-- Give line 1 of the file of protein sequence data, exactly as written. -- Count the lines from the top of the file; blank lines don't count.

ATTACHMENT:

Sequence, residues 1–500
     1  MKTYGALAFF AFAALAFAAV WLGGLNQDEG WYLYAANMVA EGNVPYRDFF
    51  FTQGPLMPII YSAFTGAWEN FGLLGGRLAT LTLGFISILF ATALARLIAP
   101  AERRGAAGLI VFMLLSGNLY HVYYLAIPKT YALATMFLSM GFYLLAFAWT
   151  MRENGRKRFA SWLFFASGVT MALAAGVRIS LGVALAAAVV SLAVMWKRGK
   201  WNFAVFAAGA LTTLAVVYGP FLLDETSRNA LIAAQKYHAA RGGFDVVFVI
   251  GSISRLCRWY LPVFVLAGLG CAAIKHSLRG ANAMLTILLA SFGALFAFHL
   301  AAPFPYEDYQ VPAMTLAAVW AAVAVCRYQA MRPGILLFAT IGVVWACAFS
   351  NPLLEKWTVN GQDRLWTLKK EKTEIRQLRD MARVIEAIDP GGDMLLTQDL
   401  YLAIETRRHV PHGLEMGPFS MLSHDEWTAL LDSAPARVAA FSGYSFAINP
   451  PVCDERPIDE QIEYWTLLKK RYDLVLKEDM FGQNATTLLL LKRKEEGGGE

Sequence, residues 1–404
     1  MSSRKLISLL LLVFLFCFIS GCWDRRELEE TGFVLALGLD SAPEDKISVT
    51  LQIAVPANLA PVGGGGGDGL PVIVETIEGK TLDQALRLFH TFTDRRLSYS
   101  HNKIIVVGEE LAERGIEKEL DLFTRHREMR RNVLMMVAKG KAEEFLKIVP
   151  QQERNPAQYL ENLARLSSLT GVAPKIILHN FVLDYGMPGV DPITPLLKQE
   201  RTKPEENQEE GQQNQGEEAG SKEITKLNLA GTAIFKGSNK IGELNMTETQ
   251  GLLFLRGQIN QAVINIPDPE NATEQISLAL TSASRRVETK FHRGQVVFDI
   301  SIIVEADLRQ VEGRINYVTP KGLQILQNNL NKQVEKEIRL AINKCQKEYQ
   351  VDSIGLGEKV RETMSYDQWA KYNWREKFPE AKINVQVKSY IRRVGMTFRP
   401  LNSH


Sequence, residues 1–500